Beyond Syntax

Looking beyond syntactical meaning

On Demand ssh-add

For many years I have been bothered by the options for using the ssh-agent on Linux. I finally (hope) I've reached a reasonable solution for adding my keys to the ssh-agent.


As many *nix users know: SSH keys with passphrases are the way to go when jumping from system to system. This is the case because on your main computer there is a program running called ssh-agent. When you first boot your computer ssh-agent knows nothing and doesn't do much.

The real magic happens when you tell ssh-agent about your SSH keys. In the past I've done this in one of two ways:

  1. Use the ssh-add command to add a key to the agent.
  2. Have the desktop environment ask for your passphrase when it loads.

Since these have the same result of adding your passphrase to ssh-agent it simply becomes a matter of user experience. Neither experience I really enjoyed.

In the first case, my use pattern was always:

$ ssh <hostname>
Enter passphrase for key '<key>':

At which point I would curse, hit control-c, run ssh-add, and try sshing into the host. Not terrible, but not pleasant either.

The second option would pop up some graphical prompt asking for my passphrase when starting the desktop environment. This is also not a terrible experience, but it's a bit annoying when I'm just sitting down and don't want to type a long passphrase just to check my email. (I could close it, but then I'm back in the frustrating first case.)

What is a geek to do?

Honestly, the OS X way of doing this isn't too bad. If I haven't authenticated myself to the computer when I ssh the first time OS X recognizes that and prompts me for authentication. At this point I'm authenticated and any future SSH attempts will re-use that authentication. That is to say:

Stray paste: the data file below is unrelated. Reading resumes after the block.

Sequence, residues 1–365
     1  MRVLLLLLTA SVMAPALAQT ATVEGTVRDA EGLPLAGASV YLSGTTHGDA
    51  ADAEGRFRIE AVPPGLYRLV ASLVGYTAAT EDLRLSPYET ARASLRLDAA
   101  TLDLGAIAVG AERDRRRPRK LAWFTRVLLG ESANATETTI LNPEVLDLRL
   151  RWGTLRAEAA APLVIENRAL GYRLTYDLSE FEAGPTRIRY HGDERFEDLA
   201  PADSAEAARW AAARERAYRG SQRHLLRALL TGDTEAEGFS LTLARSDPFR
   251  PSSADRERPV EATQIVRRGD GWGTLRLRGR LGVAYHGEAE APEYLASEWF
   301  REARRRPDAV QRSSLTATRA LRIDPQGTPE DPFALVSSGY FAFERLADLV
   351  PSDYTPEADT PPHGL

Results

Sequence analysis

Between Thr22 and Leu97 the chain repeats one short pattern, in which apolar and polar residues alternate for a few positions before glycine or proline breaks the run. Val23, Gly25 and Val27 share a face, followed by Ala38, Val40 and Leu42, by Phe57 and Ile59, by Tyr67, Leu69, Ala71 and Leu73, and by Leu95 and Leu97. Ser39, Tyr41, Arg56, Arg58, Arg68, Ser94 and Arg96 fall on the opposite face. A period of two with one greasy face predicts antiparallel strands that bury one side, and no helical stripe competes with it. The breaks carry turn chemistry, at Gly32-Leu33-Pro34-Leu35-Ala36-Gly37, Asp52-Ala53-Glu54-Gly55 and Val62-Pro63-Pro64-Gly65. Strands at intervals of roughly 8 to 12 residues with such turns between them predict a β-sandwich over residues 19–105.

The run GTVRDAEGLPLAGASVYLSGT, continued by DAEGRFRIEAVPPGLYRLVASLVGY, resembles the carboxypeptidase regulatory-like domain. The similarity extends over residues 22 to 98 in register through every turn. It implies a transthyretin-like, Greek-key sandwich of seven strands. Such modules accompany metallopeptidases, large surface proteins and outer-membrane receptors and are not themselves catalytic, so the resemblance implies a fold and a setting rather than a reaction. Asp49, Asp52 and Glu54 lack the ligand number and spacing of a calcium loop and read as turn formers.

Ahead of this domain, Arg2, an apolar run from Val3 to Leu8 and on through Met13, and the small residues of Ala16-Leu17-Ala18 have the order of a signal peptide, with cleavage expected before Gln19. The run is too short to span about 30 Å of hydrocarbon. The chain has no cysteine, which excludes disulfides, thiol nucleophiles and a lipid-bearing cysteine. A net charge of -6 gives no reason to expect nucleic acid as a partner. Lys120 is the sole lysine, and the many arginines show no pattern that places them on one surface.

1. OS X automatically adds the authentication to the ssh agent*
  2. I'm not bothered with authentication until I need it.

* This isn't quite how OS X actually does it, the passphrase is stored in a keychain. The keychain gets unlocked when I need it and serves the passphrase to the ssh command.

I want the same experience on Linux.

After searching for some tools to do it for me (and finding nothing), I decide to take a stab at it. It turns out to be very easy. All I did was add the following line to my ~/.bash_profile:

alias ssh="( ssh-add -l > /dev/null || ssh-add ) && ssh"

This just checks to see if any identities exist in the running ssh agent (ssh-add -l > /dev/null returns 1 if it is empty and 0 otherwise). If there are identities, the || operation is short circuited and the ssh command is run as normal. If the agent is empty, the ssh-add command runs and asks for your passphrase as normal, adds it to the agent, (returns 0), and runs the ssh command as normal. In both cases, any command line arguments are passed on to the final ssh command as normal.

If you mistype your passphrase and ssh-add gives up it returns 1, causing the && operation to short circuit and the normal ssh command is not run and you can try again.

Of course, this makes a few assumptions:

  1. Either your agent is empty or it has all useful keys in it.
  2. You're going to ssh before you scp or use any other command.

In my case both assumptions a valid. I don't have any keys that ssh-add doesn't find automatically (even if I did, I would still want to manually add them in them to the agent--in which case I am no worse off than before). In the second case, I almost always ssh to a host before moving files around or to, just so I can make sure I have the locations correct. (Of course, as I submit this post git asks for my passphrase because I haven't authenticated yet. The quick answer is to alias all commands that need ssh key authentication with the stuff before && and replace ssh with the desired command.)

This also shouldn't hurt security any more than another solution. At the end of the day, I'm disappointed that I didn't do this a long time ago.